Topography and Climate

Ethiopian Landscape is dominated by the volcanically formed highlands. The central plateau isolated on three sides by lowlands (desert and semi desert) has an average altitude of 2000m. The highlands bisected by the Rift Valley which starts at the Red sea then continues to the Danakil Depression and through southern Ethiopia to Mozambique in Southern Africa. Rift valley cuts Ethiopia into two unequal parts: the mountainous North (Simien Mountain) and the south western highlands. The smaller part includes the south eastern highlands of Bale, Harar Arsi and Sidamo.

The highlands are also criss crossed by numerous river valleys. The country is watered by four major river systems the first consist of the Takkaze, the Abay and the Baro all flow in to west wards in to the Nile. The Abay (Blue Nile) is certainly the most famous, its source Lake Tana for long exercised the imagination of traveler and geographer until the Scottish traveler James Bruce settled the issue in the second half of the 18th.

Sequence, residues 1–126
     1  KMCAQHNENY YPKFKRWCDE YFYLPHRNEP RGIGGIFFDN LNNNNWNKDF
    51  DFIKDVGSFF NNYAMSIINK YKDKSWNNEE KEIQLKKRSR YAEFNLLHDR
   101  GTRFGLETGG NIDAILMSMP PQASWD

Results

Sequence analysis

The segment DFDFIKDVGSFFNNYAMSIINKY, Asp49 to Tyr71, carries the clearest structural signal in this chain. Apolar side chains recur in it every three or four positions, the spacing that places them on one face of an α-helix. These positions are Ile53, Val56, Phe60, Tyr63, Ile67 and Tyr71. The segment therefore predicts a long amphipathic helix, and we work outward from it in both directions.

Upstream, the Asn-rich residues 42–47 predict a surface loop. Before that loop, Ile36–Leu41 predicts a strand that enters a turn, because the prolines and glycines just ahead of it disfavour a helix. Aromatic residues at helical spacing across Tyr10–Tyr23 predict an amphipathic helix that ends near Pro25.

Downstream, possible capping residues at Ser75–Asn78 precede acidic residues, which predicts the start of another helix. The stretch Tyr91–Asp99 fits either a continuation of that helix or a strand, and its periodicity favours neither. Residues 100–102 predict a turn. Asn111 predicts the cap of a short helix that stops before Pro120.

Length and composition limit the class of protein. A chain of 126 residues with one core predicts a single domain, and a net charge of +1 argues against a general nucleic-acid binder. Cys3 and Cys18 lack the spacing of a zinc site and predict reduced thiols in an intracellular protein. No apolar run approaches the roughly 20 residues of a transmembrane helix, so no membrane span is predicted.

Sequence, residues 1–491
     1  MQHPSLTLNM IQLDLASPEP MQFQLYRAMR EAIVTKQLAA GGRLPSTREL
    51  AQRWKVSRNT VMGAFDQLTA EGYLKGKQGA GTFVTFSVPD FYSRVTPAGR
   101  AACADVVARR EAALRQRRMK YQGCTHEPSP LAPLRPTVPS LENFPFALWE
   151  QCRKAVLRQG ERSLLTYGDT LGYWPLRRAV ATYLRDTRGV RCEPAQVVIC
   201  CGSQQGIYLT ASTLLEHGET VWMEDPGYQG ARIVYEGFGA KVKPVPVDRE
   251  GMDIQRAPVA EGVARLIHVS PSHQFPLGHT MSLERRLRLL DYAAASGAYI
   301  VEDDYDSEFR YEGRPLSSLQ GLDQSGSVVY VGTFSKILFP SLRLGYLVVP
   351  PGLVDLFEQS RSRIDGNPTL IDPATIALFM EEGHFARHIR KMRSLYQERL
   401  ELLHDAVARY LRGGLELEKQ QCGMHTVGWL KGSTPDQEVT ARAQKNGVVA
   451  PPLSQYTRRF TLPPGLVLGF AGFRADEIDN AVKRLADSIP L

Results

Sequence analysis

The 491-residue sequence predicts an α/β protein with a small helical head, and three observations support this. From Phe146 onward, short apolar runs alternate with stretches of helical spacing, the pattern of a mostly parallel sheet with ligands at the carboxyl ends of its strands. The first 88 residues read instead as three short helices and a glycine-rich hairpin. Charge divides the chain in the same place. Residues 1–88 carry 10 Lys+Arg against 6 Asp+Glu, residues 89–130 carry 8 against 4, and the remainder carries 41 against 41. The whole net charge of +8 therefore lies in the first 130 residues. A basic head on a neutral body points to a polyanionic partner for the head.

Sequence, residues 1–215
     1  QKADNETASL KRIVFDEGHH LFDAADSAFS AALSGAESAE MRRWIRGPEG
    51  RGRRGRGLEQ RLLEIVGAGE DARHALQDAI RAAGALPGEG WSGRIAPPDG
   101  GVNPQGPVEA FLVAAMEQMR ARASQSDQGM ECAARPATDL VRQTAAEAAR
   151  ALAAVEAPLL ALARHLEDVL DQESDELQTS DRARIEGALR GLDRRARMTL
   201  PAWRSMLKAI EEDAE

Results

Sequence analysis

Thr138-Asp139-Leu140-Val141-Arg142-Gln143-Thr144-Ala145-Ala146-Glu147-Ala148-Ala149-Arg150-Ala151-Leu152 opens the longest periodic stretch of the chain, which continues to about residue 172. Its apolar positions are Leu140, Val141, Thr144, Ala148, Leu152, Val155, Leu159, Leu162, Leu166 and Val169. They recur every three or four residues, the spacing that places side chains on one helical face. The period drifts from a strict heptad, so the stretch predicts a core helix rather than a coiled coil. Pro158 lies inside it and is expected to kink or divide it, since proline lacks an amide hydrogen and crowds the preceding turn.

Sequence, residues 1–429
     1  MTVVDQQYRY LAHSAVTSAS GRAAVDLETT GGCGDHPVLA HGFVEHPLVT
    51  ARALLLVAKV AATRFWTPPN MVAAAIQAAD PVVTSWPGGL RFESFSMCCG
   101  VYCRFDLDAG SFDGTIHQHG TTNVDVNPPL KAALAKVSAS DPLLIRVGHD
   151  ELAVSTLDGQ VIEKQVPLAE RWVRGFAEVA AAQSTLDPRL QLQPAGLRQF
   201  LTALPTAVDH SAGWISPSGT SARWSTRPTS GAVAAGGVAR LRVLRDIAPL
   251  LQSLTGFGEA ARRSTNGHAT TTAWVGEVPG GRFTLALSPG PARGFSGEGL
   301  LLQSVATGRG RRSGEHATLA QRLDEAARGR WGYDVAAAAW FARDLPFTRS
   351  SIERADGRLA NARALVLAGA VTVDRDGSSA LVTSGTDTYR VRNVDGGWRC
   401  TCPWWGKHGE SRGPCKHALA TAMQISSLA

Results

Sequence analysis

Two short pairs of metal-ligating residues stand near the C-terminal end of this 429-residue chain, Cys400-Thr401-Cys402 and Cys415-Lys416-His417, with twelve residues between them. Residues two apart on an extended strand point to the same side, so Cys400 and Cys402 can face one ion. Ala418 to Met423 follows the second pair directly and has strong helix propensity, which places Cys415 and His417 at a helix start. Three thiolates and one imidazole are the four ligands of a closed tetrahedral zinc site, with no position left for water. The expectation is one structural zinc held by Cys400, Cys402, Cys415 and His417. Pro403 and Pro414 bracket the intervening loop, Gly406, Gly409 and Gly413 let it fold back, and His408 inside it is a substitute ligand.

The second group belong the Ganale and web Shebelle flowing towards the Indian Ocean. The Ghibe (Omo in its lower course) originates and ends in Lake Rudolf (Turkana). The Awash sets off from the highlands west of Addis Ababa and streams along across the Rift valley and vanishes in north eastern sands.

Ethiopia shows a wide climatic variation ranging from the peaks of Bale which receive periodic snow fall to Regular day time temperature of 50 o C in the Danakil Desert. The central highlands have a temperate climate and average day time temperature of 16 o C. The eastern lowlands and the far south are dry and hot. The western lowlands are moist and hot. The Rift valley is temperate to hot and seasonally moist.

The main rainy season in Ethiopia falls between June and September and is known as kiremt, the heavy rains are caused by moist air from the high pressure area of the south Atlantic and Indian Ocean moving in to the low pressure area of the Sahara desert and Arabia. The little rainy season also known “Balg” autumn in the Ethiopian but spring in Europe occurs between March and May. These are caused by monsoon winds blowing from the Indian Ocean.

The heavy rains in the south west have given rise to a dense concentration of tropical forests mainly in illubabor and Kaffa; deforestation has reduced the country’s forest resource.

The temperate conditions of the northern and central highland have permitted the growing of a wide variety of food crops of these the most important is Teff: a small cereal processed in to the distinctive bread injera. Teff’s equivalent in the southern part of the country is the root crop enset.